There are around 350,000 Scotswomen affected by the transition to equality in men and women’s State Pension Age. The initial Westminster Pension Age Act was in 1995 and it set out a gradual pathway to equalise the pension age for men and women. But in 2011 a second Pension Age Act increased the rate of change for women and increased the overall pension age to above 66. This has created a group of women who are partially badly affected. Women born in the mid-50s are losing six years of their State Pension.
Life expectancy in Scotland is currently lower than in the rest of the UK. On average between 2010-12, a 65 year-old male in the UK could be expected to live to around 83 years 5 months compared with 82 years 11 months in Scotland, and a 65 year-old female in the UK could expect to live to 85 years 11 months whereas in Scotland it was 84 years 6 months.
According to the Scottish government, this means that “a 65 year-old entitled to a total pension of £160 per week could expect the lifetime value of their state pension to be around £10,000 (men) or £11,000 (women) less in Scotland than in the UK as a whole”.
British workers can expect among the worst pensions in the developed world, according to a report from investment bank UBS, which compared the retirement outlook for a 50-year-old woman in major cities across the globe.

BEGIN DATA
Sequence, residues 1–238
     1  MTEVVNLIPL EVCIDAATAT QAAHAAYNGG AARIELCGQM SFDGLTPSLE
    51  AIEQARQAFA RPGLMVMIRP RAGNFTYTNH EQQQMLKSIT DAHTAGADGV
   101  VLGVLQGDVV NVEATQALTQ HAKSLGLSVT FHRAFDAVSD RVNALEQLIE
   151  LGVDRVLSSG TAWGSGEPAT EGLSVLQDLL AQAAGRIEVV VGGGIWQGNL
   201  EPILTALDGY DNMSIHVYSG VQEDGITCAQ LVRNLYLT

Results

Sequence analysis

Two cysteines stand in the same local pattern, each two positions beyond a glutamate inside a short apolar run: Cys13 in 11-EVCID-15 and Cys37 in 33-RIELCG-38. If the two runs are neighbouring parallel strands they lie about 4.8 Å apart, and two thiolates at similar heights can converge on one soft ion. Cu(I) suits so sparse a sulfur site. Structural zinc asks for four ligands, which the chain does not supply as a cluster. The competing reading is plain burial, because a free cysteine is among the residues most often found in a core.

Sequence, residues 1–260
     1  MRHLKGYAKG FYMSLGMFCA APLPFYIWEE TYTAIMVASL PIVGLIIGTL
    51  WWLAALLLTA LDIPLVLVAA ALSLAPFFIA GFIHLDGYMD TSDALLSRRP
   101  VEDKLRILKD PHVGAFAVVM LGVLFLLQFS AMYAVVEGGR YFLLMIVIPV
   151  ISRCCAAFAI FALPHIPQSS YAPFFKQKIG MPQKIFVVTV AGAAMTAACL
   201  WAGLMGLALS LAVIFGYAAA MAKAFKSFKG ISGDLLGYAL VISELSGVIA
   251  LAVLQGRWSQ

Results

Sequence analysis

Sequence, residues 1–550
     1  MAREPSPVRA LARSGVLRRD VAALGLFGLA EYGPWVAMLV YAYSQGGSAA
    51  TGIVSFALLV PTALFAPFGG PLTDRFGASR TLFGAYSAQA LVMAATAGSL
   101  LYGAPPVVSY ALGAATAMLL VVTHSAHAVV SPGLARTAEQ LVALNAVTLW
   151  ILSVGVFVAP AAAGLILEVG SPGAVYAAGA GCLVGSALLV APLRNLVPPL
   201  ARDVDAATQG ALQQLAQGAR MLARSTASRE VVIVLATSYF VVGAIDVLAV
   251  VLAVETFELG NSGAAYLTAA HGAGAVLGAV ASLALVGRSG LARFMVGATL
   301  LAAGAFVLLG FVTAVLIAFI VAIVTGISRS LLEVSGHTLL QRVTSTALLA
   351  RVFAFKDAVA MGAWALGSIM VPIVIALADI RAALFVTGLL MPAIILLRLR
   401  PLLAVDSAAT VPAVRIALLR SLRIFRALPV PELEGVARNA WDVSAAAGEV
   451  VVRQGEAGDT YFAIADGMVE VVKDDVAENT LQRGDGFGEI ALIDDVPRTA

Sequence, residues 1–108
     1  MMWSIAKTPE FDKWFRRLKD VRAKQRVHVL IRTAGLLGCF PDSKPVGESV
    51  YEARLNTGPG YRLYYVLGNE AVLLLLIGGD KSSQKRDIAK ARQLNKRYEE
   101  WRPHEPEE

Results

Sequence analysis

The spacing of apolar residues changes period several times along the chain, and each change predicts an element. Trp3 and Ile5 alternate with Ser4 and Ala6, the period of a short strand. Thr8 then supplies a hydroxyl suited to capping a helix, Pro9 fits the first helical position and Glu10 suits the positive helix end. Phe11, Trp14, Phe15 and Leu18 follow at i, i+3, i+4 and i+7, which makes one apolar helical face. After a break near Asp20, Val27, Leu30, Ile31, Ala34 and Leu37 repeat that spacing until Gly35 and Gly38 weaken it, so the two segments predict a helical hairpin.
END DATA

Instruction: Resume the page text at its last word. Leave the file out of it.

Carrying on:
How much a state plus “mandatory” pension will be worth at retirement as a proportion of current income, based on a 50-year-old female in each city
Singapore 73% Sydney 72% Paris 69% Milan 67% New York 55% Tokyo 55% Munich 50% Zurich 48% Toronto 42% London 41% Hong Kong 41% Taipei 32%
THE state pension age may rise above life expectancy for men in more than 160 Scottish communities unless the system changes, MPs warn. n a new report, the Commons Work and Pensions Committee says claimants would have to be 70.5 years old by 2060 if the current rate of annual increases is sustained. This would exceed the average male life expectancy in more than 160 parts of Scotland and almost 30 in England.
Committee chairman Frank Field said the “triple lock“ which guarantees the state pension rises by average earnings, the consumer price index, or 2.5 per cent, whichever is the highest must be scrapped to avoid people working to death.
He said: With the triple lock in place, the only way state pension expenditure can be made sustainable is to keep raising the state pension age. This has the effect of excluding ever more people from the state pension altogether. He said those affected would be disproportionately from more deprived areas and manual occupations.